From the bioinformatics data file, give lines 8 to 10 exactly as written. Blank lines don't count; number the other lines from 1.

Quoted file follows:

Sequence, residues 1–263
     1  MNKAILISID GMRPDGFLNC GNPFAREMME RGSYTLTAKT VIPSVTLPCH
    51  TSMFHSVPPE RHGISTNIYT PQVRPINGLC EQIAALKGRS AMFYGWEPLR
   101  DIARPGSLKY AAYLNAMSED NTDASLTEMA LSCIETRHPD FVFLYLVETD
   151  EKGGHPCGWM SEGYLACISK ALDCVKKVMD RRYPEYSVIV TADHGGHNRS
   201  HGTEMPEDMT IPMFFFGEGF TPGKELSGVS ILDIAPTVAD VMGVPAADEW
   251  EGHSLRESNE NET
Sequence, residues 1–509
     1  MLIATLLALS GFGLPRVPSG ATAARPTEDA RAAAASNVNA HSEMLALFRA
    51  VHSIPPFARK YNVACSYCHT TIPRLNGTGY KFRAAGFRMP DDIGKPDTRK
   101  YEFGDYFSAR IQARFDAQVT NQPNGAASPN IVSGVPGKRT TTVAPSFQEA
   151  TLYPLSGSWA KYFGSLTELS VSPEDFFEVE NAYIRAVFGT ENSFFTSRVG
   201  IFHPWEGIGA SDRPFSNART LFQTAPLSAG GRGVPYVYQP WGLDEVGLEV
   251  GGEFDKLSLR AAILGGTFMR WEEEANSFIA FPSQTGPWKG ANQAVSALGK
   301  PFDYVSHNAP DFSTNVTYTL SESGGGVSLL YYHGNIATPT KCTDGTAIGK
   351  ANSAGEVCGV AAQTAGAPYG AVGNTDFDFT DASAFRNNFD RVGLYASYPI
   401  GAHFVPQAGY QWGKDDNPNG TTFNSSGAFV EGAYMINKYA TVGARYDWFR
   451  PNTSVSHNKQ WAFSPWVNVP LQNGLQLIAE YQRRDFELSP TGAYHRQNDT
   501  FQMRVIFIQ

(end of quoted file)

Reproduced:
Sequence, residues 1–509
     1  MLIATLLALS GFGLPRVPSG ATAARPTEDA RAAAASNVNA HSEMLALFRA
    51  VHSIPPFARK YNVACSYCHT TIPRLNGTGY KFRAAGFRMP DDIGKPDTRK